The size and damaging effects or severity of an earthquake are described by measurements of both magnitude and intensity. The quantification of the size of an earthquake has been considered by seismologists for many decades. A variety of different measures have been produced to estimate and report the magnitude of a seismic event. Many attempts have been made to develop a uniform scale to measure earthquake magnitude (Kanamori, 1983) but this goal has not always been achievable due to the changes in instrumentation used over time, changes in seismic data processing techniques as well as developments in the distribution of seismic monitoring stations. As a result of these influences a variety of magnitude scales/measures have been developed and reported which have been used at various times and locations around the world. As the science of earthquakes (seismology) has developed further advances have been made in the quantification of a seismic event. In order to provide a historical continuity of the measurements made relationships needed to be developed between the various earthquake size measuring schemes. As earthquakes are the result of complex geophysical processes it is not a simple matter to find a single measure of the size of an earthquake (Kanamori, 1978).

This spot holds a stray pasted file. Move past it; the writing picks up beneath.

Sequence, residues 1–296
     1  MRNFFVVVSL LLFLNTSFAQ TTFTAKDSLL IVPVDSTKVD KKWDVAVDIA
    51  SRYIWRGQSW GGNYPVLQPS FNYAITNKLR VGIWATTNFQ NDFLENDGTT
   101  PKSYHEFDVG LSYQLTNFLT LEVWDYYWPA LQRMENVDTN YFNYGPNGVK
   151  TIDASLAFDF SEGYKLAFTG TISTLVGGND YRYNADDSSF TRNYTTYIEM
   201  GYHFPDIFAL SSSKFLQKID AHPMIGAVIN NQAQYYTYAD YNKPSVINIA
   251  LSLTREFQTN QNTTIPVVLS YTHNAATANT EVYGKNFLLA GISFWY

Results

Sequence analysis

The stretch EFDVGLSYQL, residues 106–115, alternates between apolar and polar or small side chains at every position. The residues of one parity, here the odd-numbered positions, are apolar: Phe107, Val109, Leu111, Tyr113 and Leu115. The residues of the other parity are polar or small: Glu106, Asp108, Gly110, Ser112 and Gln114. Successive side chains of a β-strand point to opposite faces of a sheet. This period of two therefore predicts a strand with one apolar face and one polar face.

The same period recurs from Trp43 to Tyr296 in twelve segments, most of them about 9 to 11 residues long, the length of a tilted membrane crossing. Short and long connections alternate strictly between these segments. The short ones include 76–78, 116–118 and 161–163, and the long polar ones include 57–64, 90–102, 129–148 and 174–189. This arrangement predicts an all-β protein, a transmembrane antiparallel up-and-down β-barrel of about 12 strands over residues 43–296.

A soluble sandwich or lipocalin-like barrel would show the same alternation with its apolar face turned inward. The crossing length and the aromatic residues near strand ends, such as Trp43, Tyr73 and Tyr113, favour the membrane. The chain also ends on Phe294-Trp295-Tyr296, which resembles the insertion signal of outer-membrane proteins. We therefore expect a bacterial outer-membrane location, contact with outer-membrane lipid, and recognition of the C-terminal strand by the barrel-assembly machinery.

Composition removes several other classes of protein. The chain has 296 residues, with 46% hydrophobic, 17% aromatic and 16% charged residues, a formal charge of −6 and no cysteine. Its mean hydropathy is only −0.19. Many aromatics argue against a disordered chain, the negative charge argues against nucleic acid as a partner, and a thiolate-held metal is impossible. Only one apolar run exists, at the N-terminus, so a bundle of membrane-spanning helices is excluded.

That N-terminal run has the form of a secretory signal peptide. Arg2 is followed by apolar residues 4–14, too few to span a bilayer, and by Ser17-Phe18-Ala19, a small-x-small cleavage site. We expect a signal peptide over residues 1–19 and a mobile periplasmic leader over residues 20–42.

|Title of host publication||Encyclopedia of natural hazards|
|Editors||Peter T Bobrowsky|
|Place of Publication||Dordrecht|
|Publication status||Published - 2013|
|Name||Encyclopedia of earth sciences series|